The company has sent a remotely operated vehicle to inspect 8,000 feet of the pipeline, and identified an area of “significant interest” that divers were set to inspect this afternoon.
“There is no active leak that we are aware of and especially in that specific area that we’ve identified,” Willsher said
Orange County District Attorney Todd Spitzer urged investigators to oversee Amplify’s divers as they inspect the line.
“They shouldn’t be able to go anywhere near that pipeline,” Spitzer said. “They are biased, they’re self interested, and they’re going to do everything they can to try to reduce their damages.”
Who’s in charge?
The accident is under unified command: The United States Coast Guard and the California Department of Fish and Wildlife’s Office of Oil Spill Prevention and Response are directing the emergency.
The platform’s owner, Amplify Energy, is also involved. The city of Huntington Beach is also participating, and state agencies such as the California Coastal Commission, the State Lands Commission and the State Parks Department, which has property in the path of the oil, are also monitoring the situation.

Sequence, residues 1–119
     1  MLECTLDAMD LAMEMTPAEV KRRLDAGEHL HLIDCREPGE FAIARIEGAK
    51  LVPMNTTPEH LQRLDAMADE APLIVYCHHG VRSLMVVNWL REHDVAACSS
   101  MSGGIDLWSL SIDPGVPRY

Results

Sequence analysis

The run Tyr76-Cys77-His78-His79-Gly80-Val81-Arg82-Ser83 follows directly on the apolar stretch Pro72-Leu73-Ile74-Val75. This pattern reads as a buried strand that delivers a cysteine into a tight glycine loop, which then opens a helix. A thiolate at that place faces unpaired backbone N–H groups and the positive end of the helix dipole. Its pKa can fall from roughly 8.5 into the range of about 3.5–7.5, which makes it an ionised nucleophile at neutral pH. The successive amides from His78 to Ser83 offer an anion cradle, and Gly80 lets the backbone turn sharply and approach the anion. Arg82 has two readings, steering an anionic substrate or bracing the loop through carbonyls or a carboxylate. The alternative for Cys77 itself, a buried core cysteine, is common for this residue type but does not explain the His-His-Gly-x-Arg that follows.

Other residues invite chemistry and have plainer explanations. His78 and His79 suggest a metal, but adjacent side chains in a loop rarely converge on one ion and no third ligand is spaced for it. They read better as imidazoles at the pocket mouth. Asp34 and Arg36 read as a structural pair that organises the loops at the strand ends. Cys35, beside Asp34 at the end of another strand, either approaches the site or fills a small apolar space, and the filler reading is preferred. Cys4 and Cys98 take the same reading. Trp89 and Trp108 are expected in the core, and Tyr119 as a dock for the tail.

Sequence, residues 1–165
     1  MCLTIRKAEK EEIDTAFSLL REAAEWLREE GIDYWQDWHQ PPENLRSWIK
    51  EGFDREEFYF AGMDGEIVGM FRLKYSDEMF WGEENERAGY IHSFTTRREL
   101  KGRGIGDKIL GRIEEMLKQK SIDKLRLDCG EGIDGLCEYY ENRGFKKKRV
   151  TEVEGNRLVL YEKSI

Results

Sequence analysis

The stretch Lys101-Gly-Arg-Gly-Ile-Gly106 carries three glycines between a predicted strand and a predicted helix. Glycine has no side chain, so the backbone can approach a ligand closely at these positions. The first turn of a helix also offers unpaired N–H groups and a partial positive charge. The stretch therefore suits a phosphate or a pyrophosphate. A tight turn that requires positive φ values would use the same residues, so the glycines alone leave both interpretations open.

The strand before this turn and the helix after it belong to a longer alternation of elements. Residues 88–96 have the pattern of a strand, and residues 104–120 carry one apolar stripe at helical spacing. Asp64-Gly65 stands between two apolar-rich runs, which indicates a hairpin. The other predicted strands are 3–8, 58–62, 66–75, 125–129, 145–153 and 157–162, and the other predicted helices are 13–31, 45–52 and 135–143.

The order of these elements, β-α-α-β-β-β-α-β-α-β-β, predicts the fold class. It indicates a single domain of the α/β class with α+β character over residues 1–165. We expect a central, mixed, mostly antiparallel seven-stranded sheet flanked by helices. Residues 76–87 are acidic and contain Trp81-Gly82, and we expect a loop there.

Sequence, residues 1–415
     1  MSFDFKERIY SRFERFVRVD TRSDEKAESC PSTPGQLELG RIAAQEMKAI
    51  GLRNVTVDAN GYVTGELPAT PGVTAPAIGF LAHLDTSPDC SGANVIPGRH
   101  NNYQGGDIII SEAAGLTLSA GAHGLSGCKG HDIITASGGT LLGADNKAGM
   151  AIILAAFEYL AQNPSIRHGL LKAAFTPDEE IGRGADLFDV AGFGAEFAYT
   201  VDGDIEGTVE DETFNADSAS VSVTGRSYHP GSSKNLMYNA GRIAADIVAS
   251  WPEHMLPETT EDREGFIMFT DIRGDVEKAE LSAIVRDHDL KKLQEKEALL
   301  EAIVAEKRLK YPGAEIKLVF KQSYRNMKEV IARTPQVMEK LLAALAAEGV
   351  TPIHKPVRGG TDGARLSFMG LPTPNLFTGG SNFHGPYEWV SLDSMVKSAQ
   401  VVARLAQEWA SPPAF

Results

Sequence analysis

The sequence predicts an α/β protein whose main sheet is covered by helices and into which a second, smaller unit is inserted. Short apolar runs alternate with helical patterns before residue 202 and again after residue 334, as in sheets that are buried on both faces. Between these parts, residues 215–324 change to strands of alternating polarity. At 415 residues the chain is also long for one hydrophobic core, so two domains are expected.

Once the investigation identifies a responsible party, state and federal officials will undertake a Natural Resource Damage Assessment, conducted through the fish and wildlife agency.
The complex and painstaking analysis quantifies death and injuries to wildlife — assigning a dollar value to a shore bird, for example — and estimates the cost of restoring the oiled landscape and waters.
Recent legislation has beefed up the state’s ability to penalize companies for oil spills: A 2020 law doubled the minimum and maximum fines for an array of oil spill violations and added a provision that a person who knowingly discharged or spilled oil into state waters, or failed to clean up the spill, could be fined up to $1,000 per gallon in spills of more than 1,000 gallons.
Another, a 2018 law, required the state to consult with agencies such as the California Coastal Commission when evaluating damage to public resources such as beaches.